A Politico-Economic Analysis of the European Union’s R&D Policy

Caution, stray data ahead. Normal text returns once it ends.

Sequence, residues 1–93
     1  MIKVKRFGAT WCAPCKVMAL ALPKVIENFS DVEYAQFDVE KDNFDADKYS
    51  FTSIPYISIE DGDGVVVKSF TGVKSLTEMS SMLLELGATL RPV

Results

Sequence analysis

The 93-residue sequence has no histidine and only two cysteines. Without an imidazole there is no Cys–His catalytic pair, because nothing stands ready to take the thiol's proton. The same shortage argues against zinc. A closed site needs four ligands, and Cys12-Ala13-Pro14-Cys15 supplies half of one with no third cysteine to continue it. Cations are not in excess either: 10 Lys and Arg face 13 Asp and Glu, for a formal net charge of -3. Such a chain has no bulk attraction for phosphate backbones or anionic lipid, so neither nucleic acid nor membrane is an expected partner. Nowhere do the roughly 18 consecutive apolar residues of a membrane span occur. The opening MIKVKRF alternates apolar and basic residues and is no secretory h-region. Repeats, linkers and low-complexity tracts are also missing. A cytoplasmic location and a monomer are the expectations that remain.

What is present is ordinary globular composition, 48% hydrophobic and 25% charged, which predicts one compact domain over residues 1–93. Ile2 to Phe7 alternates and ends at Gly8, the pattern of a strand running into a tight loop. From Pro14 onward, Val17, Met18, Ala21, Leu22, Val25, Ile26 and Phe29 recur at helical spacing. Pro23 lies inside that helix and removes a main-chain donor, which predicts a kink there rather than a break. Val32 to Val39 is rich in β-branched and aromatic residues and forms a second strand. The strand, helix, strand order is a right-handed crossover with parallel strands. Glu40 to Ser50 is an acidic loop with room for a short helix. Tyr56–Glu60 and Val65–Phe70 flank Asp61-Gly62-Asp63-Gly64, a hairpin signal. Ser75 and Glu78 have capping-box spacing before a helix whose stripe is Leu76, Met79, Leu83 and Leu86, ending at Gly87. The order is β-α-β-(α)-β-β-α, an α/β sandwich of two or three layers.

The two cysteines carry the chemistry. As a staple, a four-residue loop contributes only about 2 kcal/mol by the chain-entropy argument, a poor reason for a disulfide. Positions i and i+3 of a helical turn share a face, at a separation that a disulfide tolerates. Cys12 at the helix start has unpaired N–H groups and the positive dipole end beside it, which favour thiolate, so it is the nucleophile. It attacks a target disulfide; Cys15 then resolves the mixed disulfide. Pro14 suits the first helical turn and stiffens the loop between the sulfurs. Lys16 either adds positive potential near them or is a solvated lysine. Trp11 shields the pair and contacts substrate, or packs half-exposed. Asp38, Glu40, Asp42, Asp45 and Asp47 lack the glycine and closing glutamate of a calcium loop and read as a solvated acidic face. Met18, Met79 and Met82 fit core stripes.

This paper provides a politico-economic analysis of the European Union’s (EU) R&D policy. It develops an open-economy R&D-growth model characterized by two parameters that capture respectively the degree of technology spillover and the effectiveness of lobbying. In a non-cooperative equilibrium, each country chooses the level of R&D subsidy independently and fails to internalize technology spillover. Consequently, R&D subsidy is underprovided. In an economic union, the central government internalizes technology spillover but is vulnerable to lobbying by politicians from each country, who attempt to free-ride on the central government budget. Consequently, R&D subsidy is overprovided; however, this overprovision becomes less severe as the degree of technology spillover increases. Therefore, technology spillover has a surprisingly positive effect on welfare in an economic union. As for the effect on relative welfare, there is a cutoff value for the degree of technology spillover such that if and only if spillover is above this threshold, then an economic union dominates independent countries in welfare. Furthermore, this threshold is an increasing function in the effectiveness of lobbying. This paper also considers the possibility that the EU faces a binding budget ceiling. In this case, lobbying on R&D subsidy exerts a distortionary effect on revenue allocation, and hence a welfare loss continues to exist.
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